I originally wrote this post for Lindsay’s Blog (she also has POTS, and did this guest post for me recently on her morning routine… make sure to go check out her blog after you’re done with this post!), but decided to re-post over here for all of you! Click on this link to see the original post and comments. Thanks so much to Lindsay for letting me guest post 🙂
Thanks so much to Lindsay for asking me to guest post today! I also have POTS; I was diagnosed a little over 10 years ago, but have been “sick” for almost 11 years now… just typing that leaves me feeling a bit sad. Living with a chronic illness makes life interesting, and I wish it came with a “how to manual” for family and friends. So here are five things I wish that people could understand about having a chronic illness:
I can be smiling, laughing, and having fun, and feel sick and in pain all at the same time. It’s easy for people to say “well you aren’t acting sick” and ignore the reality of what those of us with chronic illness are going through. If I acted in line with how I felt, I wouldn’t be the cheery, driven person that I am today.
Most of the time, we don’t mind talking about it. Quite honestly, I’m really happy to talk about POTS, and try to help people understand it better. I have a huge amount of appreciation for the friends I have who have taken the time to get to know my experiences, and help support me through them.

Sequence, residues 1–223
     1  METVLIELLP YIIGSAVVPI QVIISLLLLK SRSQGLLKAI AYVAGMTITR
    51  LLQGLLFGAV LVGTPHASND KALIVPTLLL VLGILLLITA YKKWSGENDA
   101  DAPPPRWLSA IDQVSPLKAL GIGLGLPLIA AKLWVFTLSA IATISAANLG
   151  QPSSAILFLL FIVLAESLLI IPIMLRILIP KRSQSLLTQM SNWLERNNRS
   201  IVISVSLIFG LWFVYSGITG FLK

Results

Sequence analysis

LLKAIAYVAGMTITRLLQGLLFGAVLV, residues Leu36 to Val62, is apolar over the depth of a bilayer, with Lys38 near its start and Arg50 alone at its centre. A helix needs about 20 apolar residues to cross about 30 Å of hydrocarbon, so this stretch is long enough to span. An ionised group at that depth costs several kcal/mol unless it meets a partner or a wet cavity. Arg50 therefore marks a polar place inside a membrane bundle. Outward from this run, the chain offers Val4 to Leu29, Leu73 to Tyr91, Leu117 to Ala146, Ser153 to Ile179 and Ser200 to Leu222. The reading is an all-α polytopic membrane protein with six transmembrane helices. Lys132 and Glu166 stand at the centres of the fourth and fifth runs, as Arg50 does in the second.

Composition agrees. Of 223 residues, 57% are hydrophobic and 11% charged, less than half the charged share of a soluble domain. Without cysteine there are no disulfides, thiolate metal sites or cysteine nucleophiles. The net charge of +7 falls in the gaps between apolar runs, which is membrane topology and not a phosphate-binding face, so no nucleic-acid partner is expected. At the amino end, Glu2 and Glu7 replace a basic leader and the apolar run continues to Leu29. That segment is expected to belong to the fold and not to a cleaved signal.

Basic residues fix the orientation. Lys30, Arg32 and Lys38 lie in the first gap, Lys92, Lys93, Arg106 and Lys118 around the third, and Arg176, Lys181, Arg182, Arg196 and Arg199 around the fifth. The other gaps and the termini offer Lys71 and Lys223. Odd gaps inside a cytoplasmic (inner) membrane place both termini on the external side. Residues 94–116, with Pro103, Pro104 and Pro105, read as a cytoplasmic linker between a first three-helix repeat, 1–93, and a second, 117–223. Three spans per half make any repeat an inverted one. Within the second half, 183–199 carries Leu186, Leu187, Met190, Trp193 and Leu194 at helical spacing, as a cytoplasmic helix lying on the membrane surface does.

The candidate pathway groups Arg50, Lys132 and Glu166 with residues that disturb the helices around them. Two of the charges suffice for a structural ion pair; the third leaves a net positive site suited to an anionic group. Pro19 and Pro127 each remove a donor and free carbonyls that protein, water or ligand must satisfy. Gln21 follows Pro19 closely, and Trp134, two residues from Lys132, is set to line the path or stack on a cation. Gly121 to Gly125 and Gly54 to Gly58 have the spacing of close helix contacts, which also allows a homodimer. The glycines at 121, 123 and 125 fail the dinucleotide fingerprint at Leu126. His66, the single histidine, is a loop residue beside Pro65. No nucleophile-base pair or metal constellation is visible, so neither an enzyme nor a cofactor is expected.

With chronic illness, my day is pretty much 100% different than my friends. From the time I wake up to the time I go to bed, I’m constantly thinking and adjusting what I need to do based on my experiences. I stand and talk to people and have to work on getting my blood to not settle too much in my legs to avoid passing out. I carry salt with me so I can take it the moment I start getting dizzy. I count ounces of water to make sure I’m getting enough. I don’t leave the house without making sure that I have multiple meds with me. These are just a few examples of things I constantly have to do on top of what the average human does in living. (This post might give you an idea of what my days are actually like).
Requests that are “little” might actually be pretty big. With a chronic illness, experiences can be magnified, so what seems little to you might actually be a really big deal. It might seem “ridiculous” or “dramatic”, but we usually know what we need. If you have questions, be open to the discussion and explanation, and just ask.
Peoples’ experiences with the same illness could be vastly different, so comparison is generally unhelpful. My life with POTS can look pretty different than someone else’s with POTS, and that doesn’t mean my POTS is “better” or “worse”. Getting to know each individual’s specific case is definitely important!
Obviously there are SO many more things about living with a chronic illness that I wish people would understand, but these are a great start. If you’d like to know more about my life with POTS, check out my link here. If you’d like to know more about living with POTS, check out my post on “30 Things You Might Not Know About My Life With POTS”